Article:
Ron Paul's unexpected rise in electoral fortunes continues apace. Some of the latest:
-- Paul hits over 17 in one national poll of over 1,000 national likely GOP caucus/primary voters, but with Iowa and New Hampshire oversampled, highest ever for him as far as I know.
-- Paul's Iowa appearances getting too big for the traditional Pizza Ranches:
Paul held eight town hall meetings this week in eastern Iowa, each drawing crowds ranging from between 150 in Manchester to 800 in Bettendorf. None of the events were booked at any of the state’s 71 Pizza Ranch restaurants—sites which routinely play host to other GOP candidates.
“The crowds have just been incredible,” [Paul's Iowa campaign co-chair David] Fischer said. “There’s a lot of undecided voters who are curious about Ron Paul coming to these events.”
The libertarian-leaning politician has also seen his base of supporters increase over the past month, Fischer added
“It’s blue collar, it’s independent-thinking folks, you even get some Democrats in there,” he said, adding that business owners, Christians and families that home school their children have also attended Paul events. “There’s just a huge variety of people interested in this message, and that tells you the power of the message.”
Don’t tell Matt Winter that Ron Paul’s surge in Iowa is bad for the state’s cherished Republican caucuses.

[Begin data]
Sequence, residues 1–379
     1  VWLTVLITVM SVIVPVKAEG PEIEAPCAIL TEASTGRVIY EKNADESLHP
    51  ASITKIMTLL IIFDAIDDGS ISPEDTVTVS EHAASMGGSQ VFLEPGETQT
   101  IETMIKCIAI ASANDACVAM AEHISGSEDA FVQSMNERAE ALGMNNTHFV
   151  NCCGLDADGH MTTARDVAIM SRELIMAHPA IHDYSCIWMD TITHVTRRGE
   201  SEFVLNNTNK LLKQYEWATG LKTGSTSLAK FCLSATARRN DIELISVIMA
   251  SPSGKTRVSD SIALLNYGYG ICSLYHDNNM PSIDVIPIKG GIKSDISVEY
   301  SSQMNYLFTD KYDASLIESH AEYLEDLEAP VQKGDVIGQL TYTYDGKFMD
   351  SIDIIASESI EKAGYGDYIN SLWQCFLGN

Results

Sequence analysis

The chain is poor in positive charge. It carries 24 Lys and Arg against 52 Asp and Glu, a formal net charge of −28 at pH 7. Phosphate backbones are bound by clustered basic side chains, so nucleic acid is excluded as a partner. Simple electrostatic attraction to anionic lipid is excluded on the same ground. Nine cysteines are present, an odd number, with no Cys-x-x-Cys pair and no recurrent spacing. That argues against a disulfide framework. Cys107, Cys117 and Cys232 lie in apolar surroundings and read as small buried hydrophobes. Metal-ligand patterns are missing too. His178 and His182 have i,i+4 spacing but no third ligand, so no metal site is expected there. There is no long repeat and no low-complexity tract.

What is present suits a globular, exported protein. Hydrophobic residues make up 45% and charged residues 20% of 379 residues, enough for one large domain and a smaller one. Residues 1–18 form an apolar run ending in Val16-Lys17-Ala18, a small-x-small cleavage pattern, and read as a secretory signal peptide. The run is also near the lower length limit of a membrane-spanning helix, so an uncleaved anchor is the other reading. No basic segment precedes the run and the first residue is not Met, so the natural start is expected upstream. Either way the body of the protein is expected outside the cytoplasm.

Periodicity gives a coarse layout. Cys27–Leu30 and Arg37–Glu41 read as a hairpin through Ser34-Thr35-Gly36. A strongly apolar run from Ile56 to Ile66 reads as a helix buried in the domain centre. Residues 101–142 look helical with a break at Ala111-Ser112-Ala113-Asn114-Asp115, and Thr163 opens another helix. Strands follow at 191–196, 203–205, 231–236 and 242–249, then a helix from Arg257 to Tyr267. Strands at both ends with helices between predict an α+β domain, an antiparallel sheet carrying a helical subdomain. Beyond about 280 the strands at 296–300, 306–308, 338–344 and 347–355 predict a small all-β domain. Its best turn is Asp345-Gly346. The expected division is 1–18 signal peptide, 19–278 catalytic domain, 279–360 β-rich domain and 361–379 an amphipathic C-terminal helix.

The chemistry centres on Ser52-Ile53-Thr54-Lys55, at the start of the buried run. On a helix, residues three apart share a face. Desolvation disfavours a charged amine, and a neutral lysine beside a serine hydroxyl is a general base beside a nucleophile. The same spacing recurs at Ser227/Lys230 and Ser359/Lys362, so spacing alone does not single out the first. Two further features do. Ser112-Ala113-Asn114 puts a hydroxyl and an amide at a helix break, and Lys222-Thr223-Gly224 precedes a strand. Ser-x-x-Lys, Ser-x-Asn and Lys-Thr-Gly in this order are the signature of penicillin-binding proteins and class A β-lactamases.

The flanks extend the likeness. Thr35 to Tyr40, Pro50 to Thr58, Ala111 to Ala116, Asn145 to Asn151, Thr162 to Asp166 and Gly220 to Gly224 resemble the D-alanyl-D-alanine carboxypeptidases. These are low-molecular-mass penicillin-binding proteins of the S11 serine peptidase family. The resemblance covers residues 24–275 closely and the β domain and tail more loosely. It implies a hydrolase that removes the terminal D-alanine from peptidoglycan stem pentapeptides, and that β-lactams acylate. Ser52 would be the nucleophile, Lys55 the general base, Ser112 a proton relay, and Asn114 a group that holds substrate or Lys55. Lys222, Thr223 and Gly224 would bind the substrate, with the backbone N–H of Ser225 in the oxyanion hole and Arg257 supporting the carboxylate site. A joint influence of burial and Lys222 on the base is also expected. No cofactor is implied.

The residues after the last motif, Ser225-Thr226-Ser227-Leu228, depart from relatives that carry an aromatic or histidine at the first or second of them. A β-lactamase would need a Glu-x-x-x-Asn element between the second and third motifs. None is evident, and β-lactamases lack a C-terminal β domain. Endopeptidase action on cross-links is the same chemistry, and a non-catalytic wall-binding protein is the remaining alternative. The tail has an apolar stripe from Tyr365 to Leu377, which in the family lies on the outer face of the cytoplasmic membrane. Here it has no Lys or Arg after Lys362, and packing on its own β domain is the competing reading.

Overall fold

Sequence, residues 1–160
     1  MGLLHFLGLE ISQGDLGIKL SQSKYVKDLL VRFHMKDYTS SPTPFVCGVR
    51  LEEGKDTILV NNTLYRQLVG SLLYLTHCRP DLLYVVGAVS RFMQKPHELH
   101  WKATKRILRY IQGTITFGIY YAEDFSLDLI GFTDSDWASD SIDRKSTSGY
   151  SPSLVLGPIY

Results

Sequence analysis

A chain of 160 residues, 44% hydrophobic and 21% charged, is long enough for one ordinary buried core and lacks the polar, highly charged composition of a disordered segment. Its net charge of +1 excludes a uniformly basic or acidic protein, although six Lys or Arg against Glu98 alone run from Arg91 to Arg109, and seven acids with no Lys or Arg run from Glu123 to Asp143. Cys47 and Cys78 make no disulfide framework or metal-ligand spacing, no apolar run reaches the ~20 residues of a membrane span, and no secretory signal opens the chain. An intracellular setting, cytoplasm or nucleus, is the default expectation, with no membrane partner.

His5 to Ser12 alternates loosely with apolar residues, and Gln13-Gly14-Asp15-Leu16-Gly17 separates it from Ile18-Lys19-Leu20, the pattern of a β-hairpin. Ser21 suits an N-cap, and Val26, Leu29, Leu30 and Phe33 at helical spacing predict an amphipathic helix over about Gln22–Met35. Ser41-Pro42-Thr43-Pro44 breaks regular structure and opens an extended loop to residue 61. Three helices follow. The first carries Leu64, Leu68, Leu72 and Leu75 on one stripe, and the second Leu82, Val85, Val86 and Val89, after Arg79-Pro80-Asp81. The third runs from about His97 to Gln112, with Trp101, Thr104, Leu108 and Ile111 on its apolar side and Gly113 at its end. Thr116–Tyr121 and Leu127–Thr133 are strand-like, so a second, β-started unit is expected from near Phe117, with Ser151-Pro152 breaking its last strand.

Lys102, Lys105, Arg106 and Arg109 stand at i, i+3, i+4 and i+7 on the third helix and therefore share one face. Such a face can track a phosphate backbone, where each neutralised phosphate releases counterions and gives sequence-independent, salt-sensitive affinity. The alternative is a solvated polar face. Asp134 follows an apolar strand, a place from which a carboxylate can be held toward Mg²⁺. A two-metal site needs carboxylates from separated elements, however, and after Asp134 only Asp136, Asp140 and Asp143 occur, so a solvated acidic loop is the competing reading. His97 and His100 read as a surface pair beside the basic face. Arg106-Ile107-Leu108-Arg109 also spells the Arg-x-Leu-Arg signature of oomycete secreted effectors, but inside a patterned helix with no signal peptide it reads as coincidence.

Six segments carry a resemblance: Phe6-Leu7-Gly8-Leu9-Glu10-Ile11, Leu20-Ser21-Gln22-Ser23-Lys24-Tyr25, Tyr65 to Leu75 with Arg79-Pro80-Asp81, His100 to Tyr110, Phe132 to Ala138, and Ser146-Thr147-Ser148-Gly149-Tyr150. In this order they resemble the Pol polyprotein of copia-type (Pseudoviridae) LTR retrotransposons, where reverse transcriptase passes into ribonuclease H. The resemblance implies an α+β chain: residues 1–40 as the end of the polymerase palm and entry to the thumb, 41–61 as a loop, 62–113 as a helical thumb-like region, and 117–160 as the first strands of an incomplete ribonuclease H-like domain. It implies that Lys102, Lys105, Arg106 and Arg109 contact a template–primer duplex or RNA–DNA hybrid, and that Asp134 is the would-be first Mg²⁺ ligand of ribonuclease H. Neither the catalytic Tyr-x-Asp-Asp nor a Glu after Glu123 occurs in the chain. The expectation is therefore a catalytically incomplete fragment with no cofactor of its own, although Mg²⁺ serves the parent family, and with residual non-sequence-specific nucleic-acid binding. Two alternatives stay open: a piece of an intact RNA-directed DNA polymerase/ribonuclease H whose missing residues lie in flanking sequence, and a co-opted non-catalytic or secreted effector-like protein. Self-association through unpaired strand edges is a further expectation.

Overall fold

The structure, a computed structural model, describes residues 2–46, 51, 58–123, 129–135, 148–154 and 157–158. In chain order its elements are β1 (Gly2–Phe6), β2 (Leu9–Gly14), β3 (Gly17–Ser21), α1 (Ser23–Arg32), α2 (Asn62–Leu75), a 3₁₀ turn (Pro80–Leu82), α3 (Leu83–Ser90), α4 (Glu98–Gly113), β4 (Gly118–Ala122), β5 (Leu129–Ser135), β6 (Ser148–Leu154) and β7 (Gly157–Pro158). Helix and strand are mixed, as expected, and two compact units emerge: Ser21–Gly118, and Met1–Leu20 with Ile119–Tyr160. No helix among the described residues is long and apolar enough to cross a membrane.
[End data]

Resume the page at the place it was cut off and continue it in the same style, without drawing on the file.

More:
“Whether or not you agree with Ron Paul, the fact that he’s able to get out and connect with voters and get them to come and support him — that’s really what the caucuses are supposed to be about,” said Winter, an independent voter who heard Paul speak here last week and is considering voting for him. “He has an amazing organization, no question. … They’re out there giving out signs, signing people up, following up with supporters, and it’s paying off.”....
Paul probably would have a harder time making a splash if Iowa had a primary, 'Beckt Beach, a former Bush fundraiser] said. A primary draws a larger turnout in through-the-day voting than a caucus, which requires participants to meet at a specified point and commit an hour or more of their time.
Paul has attracted some of the largest Iowa crowds seen by any candidate this year. Last week, he drew more than 200 to town-hall meetings in Maquoketa and Washington, and he has drawn throngs on college campuses, including more than 1,300 at both the University of Iowa and Iowa State University.
Some skeptics have doubted that the young people who plump up his crowds will show up for him on caucus night.
Kim Pearson, a Republican state representative from Pleasant Hill who supports Paul, said some critics try to dismiss his young followers by saying their support is based mainly on Paul’s opposition to federal anti-marijuana laws.
“I think that really is a slap at the younger generation,” she said, adding that many young people are worried about having to pay off spiraling government debt.